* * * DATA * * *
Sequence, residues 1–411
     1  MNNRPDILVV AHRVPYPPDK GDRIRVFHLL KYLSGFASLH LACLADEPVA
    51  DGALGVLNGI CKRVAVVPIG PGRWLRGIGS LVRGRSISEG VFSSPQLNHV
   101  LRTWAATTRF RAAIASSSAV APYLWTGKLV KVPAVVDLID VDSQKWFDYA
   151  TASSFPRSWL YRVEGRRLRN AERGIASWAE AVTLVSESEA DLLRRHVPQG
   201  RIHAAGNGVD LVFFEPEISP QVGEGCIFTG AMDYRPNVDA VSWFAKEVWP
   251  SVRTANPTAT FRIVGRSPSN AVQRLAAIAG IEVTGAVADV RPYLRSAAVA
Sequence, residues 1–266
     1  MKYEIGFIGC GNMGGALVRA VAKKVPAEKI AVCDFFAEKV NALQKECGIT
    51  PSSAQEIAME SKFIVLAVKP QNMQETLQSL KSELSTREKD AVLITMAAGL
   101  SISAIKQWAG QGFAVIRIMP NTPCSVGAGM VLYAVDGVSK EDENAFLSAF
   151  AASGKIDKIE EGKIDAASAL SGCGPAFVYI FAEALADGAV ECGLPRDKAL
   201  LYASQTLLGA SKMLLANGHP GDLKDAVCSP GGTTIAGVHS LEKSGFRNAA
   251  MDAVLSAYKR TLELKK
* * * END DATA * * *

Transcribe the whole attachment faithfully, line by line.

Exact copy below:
Sequence, residues 1–411
     1  MNNRPDILVV AHRVPYPPDK GDRIRVFHLL KYLSGFASLH LACLADEPVA
    51  DGALGVLNGI CKRVAVVPIG PGRWLRGIGS LVRGRSISEG VFSSPQLNHV
   101  LRTWAATTRF RAAIASSSAV APYLWTGKLV KVPAVVDLID VDSQKWFDYA
   151  TASSFPRSWL YRVEGRRLRN AERGIASWAE AVTLVSESEA DLLRRHVPQG
   201  RIHAAGNGVD LVFFEPEISP QVGEGCIFTG AMDYRPNVDA VSWFAKEVWP
   251  SVRTANPTAT FRIVGRSPSN AVQRLAAIAG IEVTGAVADV RPYLRSAAVA
Sequence, residues 1–266
     1  MKYEIGFIGC GNMGGALVRA VAKKVPAEKI AVCDFFAEKV NALQKECGIT
    51  PSSAQEIAME SKFIVLAVKP QNMQETLQSL KSELSTREKD AVLITMAAGL
   101  SISAIKQWAG QGFAVIRIMP NTPCSVGAGM VLYAVDGVSK EDENAFLSAF
   151  AASGKIDKIE EGKIDAASAL SGCGPAFVYI FAEALADGAV ECGLPRDKAL
   201  LYASQTLLGA SKMLLANGHP GDLKDAVCSP GGTTIAGVHS LEKSGFRNAA
   251  MDAVLSAYKR TLELKK